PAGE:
Now covering some commonly asked questions and tips. While it may look like I’m resting my foot on the clutch pedal, I’m not. There’s about an inch between my shoe and clutch pedal face. You should never rest your foot on the clutch as this may slightly disengage the clutch promoting slipping and jeopardizing the life of the clutch.

Driving a manual can be a good workout for your left leg. Your first times driving, you may experience some discomfort and that’s perfectly normal. As you drive more, you’ll eventually get used to it, especially if you do quite a bit of stop and go city-type driving.

For winter driving, if you’re finding excessive wheel spin in a slippery condition. You can start in second gear. Some automatics even have this feature. With first gear being the shortest ratio, it has the highest amount of torque which makes it easier to spin the wheels. You can see my wheels are spinning as shown by the flashing traction control light on the left side of the gauge cluster. Second gear isn’t excessively hard on the vehicle, it still allows for takeoff, while reducing some torque. Spinning wheels in snow doesn’t necessarily help with moving as the heat makes the snow melt and creates ice on the tire's contact patch, removing all chance of traction.

Downshifting can be done at higher rpm points, this will promote engine braking and enable you to use your brakes less. Rev matching would certainly be recommended with something like this as hard downshifts without it can sometimes be harder on the clutch.

Shifting through intersections can be against driving test rules, so be mindful of that. It’s also recommended not to change gears, either up or down through corners as may cause the car to lose control depending on the situation. I have done a harder downshift before where there was sand on the road and it caused the back wheels to skid.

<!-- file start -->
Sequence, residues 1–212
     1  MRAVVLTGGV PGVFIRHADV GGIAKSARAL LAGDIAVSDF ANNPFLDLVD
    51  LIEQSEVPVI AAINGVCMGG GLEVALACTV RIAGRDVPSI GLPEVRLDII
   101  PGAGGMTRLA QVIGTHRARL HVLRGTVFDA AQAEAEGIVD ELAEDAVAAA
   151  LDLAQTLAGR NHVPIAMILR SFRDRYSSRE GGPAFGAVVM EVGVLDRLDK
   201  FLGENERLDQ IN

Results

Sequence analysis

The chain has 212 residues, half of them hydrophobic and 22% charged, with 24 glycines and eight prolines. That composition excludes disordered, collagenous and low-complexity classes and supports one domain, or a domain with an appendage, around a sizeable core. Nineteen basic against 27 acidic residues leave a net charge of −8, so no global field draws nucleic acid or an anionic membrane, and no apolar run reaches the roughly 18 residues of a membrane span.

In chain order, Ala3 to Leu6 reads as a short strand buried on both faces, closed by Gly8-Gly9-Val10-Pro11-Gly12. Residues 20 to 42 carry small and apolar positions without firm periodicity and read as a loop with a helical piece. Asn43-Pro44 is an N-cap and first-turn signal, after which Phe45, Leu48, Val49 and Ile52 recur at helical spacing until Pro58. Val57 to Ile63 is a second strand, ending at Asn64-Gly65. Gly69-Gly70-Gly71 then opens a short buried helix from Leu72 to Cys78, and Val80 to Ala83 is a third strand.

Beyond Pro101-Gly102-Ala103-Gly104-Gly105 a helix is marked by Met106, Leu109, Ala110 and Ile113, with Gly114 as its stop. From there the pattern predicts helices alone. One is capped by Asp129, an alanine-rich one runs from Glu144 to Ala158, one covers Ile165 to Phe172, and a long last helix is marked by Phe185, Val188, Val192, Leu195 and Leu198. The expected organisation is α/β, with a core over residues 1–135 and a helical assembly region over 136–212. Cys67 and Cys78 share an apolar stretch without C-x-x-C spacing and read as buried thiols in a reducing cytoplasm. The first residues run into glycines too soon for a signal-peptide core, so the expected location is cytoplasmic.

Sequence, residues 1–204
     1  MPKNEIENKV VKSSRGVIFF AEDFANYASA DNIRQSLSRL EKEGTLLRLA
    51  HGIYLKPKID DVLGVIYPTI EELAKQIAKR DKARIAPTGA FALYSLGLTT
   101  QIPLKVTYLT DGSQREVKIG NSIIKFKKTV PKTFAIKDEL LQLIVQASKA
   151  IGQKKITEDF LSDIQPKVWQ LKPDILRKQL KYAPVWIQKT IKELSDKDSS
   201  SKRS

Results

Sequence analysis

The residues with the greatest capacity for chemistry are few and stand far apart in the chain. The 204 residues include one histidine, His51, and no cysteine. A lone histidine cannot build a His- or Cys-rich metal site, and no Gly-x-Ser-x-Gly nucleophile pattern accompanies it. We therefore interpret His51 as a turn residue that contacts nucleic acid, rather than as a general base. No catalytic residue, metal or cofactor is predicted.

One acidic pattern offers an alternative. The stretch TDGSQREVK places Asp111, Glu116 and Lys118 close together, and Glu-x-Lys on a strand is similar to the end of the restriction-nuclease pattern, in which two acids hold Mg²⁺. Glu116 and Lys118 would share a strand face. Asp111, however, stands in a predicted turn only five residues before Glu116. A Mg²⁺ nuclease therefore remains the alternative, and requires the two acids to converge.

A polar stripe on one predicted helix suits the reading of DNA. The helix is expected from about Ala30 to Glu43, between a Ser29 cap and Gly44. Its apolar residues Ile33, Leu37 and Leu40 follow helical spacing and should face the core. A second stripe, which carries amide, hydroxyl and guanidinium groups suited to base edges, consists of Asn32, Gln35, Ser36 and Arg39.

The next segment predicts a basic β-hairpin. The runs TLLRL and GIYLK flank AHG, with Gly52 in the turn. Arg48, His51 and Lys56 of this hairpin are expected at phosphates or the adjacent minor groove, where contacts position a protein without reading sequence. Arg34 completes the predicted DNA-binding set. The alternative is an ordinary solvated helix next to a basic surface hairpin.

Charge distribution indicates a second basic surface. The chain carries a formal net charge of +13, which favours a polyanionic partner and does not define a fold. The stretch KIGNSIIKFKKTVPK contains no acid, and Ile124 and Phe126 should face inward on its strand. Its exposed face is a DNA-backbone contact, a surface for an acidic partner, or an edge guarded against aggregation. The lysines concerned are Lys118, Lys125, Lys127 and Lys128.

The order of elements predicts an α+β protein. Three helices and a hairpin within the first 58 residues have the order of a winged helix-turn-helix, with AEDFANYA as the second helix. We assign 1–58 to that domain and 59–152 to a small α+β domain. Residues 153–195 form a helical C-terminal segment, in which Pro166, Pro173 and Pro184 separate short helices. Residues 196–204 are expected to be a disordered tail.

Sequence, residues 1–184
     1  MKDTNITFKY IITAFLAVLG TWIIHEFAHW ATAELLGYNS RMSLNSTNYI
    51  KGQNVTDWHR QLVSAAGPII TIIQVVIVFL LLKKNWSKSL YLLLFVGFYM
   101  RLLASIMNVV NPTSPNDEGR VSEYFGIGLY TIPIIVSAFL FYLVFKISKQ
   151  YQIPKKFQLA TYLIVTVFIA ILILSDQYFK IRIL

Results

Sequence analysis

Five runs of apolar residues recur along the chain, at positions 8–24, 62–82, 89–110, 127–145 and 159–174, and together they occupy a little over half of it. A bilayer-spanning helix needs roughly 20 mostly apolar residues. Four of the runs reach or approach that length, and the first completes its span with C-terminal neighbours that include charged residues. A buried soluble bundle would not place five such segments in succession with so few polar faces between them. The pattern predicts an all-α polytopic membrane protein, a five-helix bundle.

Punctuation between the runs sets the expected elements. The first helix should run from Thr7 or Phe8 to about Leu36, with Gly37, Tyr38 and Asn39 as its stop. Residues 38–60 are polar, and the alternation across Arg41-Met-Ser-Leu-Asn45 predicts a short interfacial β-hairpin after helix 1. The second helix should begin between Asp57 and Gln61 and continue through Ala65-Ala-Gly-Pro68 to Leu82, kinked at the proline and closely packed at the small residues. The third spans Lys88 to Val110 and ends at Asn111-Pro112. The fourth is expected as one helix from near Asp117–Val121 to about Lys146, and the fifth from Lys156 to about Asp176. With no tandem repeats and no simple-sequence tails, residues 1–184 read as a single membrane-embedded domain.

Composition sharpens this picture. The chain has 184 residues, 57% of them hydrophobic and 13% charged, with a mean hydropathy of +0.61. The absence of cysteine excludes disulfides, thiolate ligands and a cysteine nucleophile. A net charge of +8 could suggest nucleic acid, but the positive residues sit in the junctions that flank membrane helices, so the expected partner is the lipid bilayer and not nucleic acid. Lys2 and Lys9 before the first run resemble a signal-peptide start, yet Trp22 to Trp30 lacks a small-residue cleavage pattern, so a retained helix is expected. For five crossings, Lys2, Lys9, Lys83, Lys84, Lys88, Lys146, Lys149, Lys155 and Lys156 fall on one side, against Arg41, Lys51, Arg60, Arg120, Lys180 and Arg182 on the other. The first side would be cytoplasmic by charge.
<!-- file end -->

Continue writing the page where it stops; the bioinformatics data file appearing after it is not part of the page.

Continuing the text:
What happens if you let the clutch out too fast or too slow. Letting the clutch out too slow, this promotes slipping and it can wear the clutch out faster. Letting the clutch out too fast, well there’s a higher risk of stalling the engine. If the clutch is let out fast with a higher rpm, this can be hard on the driveline. The key is finding a balance between slow and fast.

Don’t rest your hand on the shifter either. This may put pressure on the linkage and gears, prematurely wearing out components. So it’s best to put your hand back on the steering wheel.

Is it bad to leave your foot on the clutch while at a stop? When the clutch is pushed in, this does activate the throwout bearing and it can cause extra wear. To avoid this, when stopped, you can shift the car into neutral, then let the clutch out. When you’re ready to go, push the clutch back in and put the transmission into gear. Life expectancies of a throwout bearing do vary, I’ve seen vehicles with well over 300,000km or 185000 miles without ever having any clutch work done.